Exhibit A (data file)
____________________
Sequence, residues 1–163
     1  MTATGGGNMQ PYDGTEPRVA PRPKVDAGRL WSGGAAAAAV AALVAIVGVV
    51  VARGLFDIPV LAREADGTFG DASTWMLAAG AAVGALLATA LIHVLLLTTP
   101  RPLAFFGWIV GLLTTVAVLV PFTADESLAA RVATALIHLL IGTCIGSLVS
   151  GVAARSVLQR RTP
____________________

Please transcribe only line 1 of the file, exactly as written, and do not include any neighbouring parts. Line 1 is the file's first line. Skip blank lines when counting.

Sequence, residues 1–163